SDExpo 2007: Day in Review (3/22/07)

SDExpo 2007: Day in Review (3/22/07)

Today was another information-packed day! I have to say that the sessions on agile methodologies turned out to be really great. Here are some of the highlights of the more interesting sessions I attended:
Transitioning to Agile: A Guide to Good Practices in Context
Michael Cohn, from Mountain Goat Software, gave an excellent presentation on how to introduce an agile process into a company. Michael dispensed some great tips on building teams, picking the right project for making the transition, and dealing with resistance. You can download the presentation and a related PDF on his website:
Transitioning to Agile: A Guide to Good Practices in Context
Introducing An Agile Process to an Organization
One particualr topic that Michael discussed really got my attention. While dealing with resistance and change, there is a popular model that can be used: CDE (Container, Differences, Transforming Exchanges). From the seminar

Self organization (CDE Model)
A boundary within which self-organization occurs (company, project, team, city)
There must be differences among the “agent” acting in our system
Technical knowledge, domain knowledge, education, experience, power, gender
Transforming Exchanges
Agents in the system interact and exchange resources
Information, money, energy (vision)

I’m fascinated with the topic of change and system models, so I dug a little deeper and found some references to a new field called HSD (Human System Dynamics). The Human System Dynamics FAQ says:

Human systems dynamics (HSD) is an emerging field of research and practice that applies principles of complexity, nonlinear dynamics, and chaos theory to the study of groups of humans as they live and work responsibly in teams, organizations, and communities.

Google turned up a related paper on HSD and CDE titled: After the Dance with Whole-Scale Change(WSC) PDF. I plan on researching this further.
Scrum: A Five Letter Word Geeks to Need Learn
Michael Vizdos, a certified Scum trainer, gave an informative overview of Scrum. Prior to the session I had only briefly heard about Scrum, and by the end of the talk I felt that I had taken away quite a bit to think about. According to Wikipedia, Scrum is:

“… intended (for) use is for management of software development projects, and it has been successfully used to “wrap” Extreme Programming and other development methodologies. However, it can theoretically be applied to any context where a group of people need to work together to achieve a common goal – such as setting up a small school, scientific research projects or planning a wedding.”

When asked how Scrum differs from other Agile methodologies like XP, Lean, Crystal and others, here was the explanation:
– Scrum is more of a project management methodology, not software development. Scrum does not dictate how software is constructed.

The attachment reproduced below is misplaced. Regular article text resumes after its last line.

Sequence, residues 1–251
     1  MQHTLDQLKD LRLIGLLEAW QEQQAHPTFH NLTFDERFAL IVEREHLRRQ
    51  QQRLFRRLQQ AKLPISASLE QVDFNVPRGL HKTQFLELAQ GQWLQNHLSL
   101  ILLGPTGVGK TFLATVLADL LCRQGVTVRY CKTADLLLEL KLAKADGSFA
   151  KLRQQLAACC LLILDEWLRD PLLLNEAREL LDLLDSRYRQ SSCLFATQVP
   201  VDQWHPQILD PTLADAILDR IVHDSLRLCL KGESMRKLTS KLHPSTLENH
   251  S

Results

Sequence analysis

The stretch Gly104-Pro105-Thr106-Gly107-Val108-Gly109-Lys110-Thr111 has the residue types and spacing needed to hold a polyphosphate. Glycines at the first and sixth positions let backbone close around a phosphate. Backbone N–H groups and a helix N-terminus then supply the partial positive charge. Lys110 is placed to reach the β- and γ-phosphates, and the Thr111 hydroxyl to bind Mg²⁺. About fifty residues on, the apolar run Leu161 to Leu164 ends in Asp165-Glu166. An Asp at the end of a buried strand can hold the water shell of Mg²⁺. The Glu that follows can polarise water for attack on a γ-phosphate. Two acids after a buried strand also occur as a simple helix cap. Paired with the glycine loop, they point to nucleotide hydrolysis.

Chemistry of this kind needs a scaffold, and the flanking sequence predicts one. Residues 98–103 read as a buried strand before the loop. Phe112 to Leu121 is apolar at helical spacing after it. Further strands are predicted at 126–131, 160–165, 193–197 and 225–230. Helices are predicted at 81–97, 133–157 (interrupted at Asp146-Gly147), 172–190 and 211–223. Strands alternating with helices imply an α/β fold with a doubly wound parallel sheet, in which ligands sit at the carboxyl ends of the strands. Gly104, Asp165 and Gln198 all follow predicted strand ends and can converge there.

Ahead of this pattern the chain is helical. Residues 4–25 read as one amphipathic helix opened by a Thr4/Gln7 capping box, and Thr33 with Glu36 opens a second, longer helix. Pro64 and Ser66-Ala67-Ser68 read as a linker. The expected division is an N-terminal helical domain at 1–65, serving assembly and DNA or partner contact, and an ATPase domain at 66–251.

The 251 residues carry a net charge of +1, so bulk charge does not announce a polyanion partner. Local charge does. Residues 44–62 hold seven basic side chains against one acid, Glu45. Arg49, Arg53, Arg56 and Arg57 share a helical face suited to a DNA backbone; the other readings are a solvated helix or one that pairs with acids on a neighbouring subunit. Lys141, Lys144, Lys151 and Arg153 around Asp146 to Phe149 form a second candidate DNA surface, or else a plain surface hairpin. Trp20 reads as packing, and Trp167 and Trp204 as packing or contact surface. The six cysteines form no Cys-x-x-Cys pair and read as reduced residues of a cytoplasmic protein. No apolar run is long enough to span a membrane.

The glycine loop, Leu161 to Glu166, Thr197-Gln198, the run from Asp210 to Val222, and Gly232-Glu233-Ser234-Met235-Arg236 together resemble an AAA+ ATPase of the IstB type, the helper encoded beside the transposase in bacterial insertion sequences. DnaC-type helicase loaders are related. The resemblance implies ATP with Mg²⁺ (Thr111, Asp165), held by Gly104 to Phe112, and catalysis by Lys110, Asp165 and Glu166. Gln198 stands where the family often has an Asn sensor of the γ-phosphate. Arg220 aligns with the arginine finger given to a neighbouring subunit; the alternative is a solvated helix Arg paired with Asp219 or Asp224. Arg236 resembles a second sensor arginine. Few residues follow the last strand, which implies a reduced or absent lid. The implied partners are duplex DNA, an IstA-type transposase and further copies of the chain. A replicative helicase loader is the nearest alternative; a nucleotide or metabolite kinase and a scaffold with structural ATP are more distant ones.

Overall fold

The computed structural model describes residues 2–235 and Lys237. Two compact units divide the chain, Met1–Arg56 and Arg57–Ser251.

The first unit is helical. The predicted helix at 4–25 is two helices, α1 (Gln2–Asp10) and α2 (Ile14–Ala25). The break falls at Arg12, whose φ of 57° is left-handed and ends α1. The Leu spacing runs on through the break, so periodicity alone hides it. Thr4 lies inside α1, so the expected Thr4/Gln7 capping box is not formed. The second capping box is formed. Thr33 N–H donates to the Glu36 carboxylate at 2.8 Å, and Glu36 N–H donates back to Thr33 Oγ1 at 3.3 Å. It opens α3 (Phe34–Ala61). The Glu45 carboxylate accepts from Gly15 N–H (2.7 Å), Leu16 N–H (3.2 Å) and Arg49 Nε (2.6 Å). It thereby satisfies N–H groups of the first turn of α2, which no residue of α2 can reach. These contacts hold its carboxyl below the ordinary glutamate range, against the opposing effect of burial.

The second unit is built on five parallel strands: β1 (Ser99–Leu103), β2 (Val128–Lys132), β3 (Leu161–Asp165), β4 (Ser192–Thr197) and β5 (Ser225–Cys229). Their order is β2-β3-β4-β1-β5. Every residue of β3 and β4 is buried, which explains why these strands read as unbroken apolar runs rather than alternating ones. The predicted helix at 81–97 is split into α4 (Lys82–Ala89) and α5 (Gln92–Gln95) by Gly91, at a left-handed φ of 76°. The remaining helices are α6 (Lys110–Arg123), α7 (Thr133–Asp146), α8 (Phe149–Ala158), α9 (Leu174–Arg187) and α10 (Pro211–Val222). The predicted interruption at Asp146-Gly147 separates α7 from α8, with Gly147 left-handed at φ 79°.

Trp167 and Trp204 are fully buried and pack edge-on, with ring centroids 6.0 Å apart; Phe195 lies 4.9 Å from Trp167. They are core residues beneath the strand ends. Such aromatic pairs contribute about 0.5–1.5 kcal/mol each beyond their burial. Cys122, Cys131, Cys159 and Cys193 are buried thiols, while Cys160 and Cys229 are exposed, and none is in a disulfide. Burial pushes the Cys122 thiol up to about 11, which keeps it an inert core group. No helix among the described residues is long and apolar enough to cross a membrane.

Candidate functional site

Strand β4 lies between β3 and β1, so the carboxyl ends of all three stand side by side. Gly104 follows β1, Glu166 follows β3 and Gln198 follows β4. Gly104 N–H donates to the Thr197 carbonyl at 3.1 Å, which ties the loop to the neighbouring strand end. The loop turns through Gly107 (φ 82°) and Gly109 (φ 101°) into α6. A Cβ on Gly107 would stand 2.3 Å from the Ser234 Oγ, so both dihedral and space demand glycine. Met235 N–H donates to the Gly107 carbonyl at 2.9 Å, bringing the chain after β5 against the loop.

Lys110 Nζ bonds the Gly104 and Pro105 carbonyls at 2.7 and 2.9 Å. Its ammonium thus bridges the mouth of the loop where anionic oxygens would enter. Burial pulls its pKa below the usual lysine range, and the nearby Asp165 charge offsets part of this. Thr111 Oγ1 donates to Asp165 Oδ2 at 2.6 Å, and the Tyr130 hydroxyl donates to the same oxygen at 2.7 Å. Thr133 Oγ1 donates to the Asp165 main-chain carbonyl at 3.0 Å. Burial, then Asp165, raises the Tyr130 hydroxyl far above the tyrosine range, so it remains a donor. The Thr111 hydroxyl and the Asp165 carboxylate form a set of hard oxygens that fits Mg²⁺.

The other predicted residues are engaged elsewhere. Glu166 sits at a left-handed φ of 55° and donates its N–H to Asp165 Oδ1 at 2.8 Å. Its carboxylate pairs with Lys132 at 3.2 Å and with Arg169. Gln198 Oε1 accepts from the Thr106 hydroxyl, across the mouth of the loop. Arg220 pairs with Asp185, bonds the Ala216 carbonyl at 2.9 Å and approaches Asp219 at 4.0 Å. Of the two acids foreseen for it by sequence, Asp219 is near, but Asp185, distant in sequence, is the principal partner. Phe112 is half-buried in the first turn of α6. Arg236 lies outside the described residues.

– Scrum is a great into methodology. Once roles are defined and teams are built, many companies pickup some other methodologies (like Crystal Clear)
– Scrum is also used in other domains (sales, marketing, and program management)
There is also a more detailed process flow for Scrum in the Scrum (development) article on Wikipedia. Here are the highlights from that article:

“Scrum assumes that the software development process is complicated and unpredictable and treats it as a controlled black box instead of a theoretical, fully defined process. This is one of the biggest differences between Scrum and the Waterfall and Spiral methodologies, which view the software development process as a fully defined process. Most problems encountered when using these older, formal types of methodologies are :
* Requirements are not fully understood at the beginning of the process.
* Requirements change during the process.
* The process becomes unpredictable when new tools and technologies are used.
Another characteristic of Scrum is that the software development process isn’t treated as a linear process, unlike the Waterfall, Spiral and Iterative methodologies. In a lot of cases this linear process consists of the following four activities: Analysis, Design, Implementation and Testing. Scrum, however, doesn’t prescribe a sequence in which the activities must be implemented. A project can start with any activity, and can change between activities at any time. ”

Core Models and Patterns of Web 2.0 – What They Mean to Architects
The final highlight of the day was the informal “Birds of a Feather” gathering at the end of the day by the poolside at the Hyatt. James Ward, Flex evangelist for Adobe, lead a discussion with a group of about 15 people focusing on patterns and trends of the Web 2.0 phenonemon. Discussions focused on security, identity, trust, multi-platform architectures (ESB, MVC, RIA). Overall, it was a great chit-chat and lots of fun.

(Visited 107 times, 1 visits today)

Leave a Reply

Your email address will not be published. Required fields are marked *